I rang in 2017 in Iceland, watching the Northern lights dance vibrantly over the frozen terrain. With just about six hours of sunlight a day, winter in Iceland is dark, cold and windy, but also eerily beautiful. While many choose to visit at that time of year to see the Aurora, the spring and summer offer a completely unique experience – with green landscapes, rushing waterfalls, and a never-setting sun.
Reykjavik and Its Environs
Where to Stay – The Icelandair Hotel Reykjavik Marina is conveniently located at the Reykjavik waterfront, just a short walk from the Old Town city center. The rooms are small, yet comfortable, with touches of Icelanders’ cheeky humor. The property also includes a restaurant with an extensive breakfast buffet, a quaint cafe / bar for a morning cup of coffee or an afternoon cocktail, and a private cinema for a night in!
Where to Eat – While expensive, the food in Iceland is excellent – using high quality, local ingredients and employing innovative culinary techniques. Lamb and cod frequent the menu, along with lobster soup, salmon, skyr (an Icelandic yogurt), fresh blueberries, and (surprisingly) hot dogs. Guide books also make mention of Icelandic delicacies such as cured whale and shark, however we had a harder time finding these than anticipated.
- Food Cellar – In Old Town Reykjavik, Food Cellar’s ambiance is unparalleled, with subterranean rooms, live piano music and amazing craft cocktails. They also serve warm pretzels with ginger lemon cream cheese before dinner – just don’t eat too many and spoil your appetite!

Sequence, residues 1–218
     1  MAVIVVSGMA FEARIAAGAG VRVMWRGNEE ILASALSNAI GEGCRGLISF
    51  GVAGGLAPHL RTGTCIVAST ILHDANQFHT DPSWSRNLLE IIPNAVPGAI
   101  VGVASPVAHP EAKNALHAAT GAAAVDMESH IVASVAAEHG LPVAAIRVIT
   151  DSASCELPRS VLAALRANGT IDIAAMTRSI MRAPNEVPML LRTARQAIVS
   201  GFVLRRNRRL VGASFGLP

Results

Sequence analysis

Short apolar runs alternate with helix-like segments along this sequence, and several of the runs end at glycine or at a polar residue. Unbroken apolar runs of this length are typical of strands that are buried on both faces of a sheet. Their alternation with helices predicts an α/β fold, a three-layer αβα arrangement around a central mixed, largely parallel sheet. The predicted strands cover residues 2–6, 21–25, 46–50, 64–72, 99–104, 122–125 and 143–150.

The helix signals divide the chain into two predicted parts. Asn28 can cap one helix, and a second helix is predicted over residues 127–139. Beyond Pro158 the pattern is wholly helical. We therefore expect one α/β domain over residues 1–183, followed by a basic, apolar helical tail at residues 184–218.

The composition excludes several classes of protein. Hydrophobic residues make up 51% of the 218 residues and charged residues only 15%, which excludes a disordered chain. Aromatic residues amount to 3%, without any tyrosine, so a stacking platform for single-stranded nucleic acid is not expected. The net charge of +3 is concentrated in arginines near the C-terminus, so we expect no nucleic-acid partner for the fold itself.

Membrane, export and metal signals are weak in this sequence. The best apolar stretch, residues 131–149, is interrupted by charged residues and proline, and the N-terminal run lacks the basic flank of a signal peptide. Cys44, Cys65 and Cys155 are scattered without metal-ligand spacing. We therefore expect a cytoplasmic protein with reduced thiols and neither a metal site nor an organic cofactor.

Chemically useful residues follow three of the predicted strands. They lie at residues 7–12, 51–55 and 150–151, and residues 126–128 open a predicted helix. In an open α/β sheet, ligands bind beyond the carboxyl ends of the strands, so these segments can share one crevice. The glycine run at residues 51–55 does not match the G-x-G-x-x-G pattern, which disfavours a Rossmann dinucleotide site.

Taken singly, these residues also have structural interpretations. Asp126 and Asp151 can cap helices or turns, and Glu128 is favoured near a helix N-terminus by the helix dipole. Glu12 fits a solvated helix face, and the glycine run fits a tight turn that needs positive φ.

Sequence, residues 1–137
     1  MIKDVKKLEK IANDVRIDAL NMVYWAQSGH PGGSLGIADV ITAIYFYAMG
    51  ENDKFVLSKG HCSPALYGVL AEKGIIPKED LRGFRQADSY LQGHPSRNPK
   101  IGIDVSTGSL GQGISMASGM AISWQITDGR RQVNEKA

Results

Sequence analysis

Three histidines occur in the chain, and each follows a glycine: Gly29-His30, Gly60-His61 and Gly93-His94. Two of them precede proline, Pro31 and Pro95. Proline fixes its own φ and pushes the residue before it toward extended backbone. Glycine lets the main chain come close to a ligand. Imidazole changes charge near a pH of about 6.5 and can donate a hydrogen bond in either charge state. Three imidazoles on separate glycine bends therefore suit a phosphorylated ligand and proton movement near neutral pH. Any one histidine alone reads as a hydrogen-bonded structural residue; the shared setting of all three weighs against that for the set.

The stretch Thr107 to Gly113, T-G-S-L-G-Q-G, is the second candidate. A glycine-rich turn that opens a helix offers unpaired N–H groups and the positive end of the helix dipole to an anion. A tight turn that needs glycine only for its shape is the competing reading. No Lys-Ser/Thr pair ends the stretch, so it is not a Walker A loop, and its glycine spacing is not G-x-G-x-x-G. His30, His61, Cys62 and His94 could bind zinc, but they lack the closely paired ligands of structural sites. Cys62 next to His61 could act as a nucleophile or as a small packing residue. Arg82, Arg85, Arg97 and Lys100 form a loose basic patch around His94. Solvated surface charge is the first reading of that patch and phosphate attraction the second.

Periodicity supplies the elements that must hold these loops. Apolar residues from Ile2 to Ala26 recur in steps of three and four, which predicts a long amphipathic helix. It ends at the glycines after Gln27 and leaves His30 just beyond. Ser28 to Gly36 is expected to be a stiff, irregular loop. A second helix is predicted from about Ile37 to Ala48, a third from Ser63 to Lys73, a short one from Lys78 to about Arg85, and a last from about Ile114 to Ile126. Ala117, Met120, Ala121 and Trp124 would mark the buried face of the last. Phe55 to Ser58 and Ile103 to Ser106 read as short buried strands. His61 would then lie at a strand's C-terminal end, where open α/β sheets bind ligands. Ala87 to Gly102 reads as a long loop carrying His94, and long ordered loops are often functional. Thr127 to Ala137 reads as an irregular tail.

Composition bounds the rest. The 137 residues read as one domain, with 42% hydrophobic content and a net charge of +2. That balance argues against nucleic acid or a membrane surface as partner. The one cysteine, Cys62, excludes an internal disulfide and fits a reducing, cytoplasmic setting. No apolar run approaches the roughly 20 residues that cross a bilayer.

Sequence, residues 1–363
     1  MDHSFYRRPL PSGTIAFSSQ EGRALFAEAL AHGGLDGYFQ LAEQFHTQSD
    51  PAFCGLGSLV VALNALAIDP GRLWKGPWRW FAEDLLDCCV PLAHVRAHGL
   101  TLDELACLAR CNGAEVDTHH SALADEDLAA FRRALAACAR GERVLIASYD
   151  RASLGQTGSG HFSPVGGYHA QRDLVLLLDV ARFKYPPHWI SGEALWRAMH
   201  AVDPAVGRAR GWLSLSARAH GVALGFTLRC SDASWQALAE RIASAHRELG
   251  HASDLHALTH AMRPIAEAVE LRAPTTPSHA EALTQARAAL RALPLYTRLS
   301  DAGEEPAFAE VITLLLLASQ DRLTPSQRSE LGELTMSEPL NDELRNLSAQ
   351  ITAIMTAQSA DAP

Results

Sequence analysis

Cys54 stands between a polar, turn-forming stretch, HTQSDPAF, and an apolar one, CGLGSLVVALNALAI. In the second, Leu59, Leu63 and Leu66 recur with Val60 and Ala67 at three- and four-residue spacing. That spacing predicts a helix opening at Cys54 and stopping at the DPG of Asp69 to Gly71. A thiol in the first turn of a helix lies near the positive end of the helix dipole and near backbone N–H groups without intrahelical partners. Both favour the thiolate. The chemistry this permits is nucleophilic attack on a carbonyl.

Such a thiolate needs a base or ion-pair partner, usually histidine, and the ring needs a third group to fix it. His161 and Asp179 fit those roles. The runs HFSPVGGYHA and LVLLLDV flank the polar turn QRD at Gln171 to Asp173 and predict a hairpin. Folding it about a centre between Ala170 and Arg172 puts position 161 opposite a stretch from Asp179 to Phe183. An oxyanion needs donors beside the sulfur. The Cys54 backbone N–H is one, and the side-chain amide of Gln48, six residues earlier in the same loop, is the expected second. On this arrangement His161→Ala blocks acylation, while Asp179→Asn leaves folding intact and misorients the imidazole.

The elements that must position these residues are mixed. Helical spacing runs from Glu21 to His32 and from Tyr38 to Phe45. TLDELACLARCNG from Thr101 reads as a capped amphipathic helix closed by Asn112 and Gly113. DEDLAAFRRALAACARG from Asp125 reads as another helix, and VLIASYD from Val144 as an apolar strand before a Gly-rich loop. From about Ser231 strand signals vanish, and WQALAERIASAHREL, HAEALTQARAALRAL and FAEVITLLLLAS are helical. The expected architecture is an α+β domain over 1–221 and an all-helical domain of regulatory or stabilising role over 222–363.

- Kol Restaurant – We saved this for our final meal of the trip and went for the tasting menu – every bite was sublime! Make reservations in advance as it’s extremely popular and on the smaller side. They also have really interesting cocktails, some of which light on fire.
- Salt Kitchen & Bar – Perfect for a more casual dinner near the hotel.
- Pylsuhusid – Located at the center of Old Town, this hot dog house is a great spot for a quick lunch and a milkshake.
What to See –
- Hallgrimskirja – The church sits perched atop a hill and is one of the main attractions to see in Reykjavik. You can buy tickets to ascend to the top of the spire for aerial views of the city.
- Harpa – Harpa concert hall opened in 2011, showcasing an innovative architectural design. It stands out as a major landmark in the city and is worth a quick tour.
- The Sun Voyager – Designed by artist Jón Gunnar Árnason, the Sun Voyager sculpture pays homage to Iceland’s discovery by the Vikings.
- Whales of Iceland – If you need a rainy day activity, this exhibition featuring life-sized replicas of the dozens of whale species that call Iceland home is extremely informative.
Excursions – Reyjkavik makes a great home base, especially for a shorter stay in Iceland. Many tour operators offer half day and full day excursions into the countryside with pick-up from your hotel.
- The Blue Lagoon – The Blue Lagoon is a year-round destination with an average temperature of 100 degrees. As I mentioned in my winter post, it’s definitely a touristy activity, but still worth spending a couple of hours in the warm waters. I definitely recommend the Premium ticket for a more VIP experience and to avoid some crowds. This time I also enjoyed the in-water massage and thoroughly enjoyed it! Located closer to the airport at Keflavik, many visitors choose to stop by the Lagoon upon arrival or prior to departure.
- Inside the Volcano – This half-day excursion offers the very unique opportunity to descend inside a dormant volcano. About 45 minutes outside the city, the tour begins with a 2-mile hike through lava fields. Groups then take turns descending into the volcano via elevator and spend about 30 minutes exploring the extraordinary geography within. Following a warm bowl of lamb soup, you return back the way you came.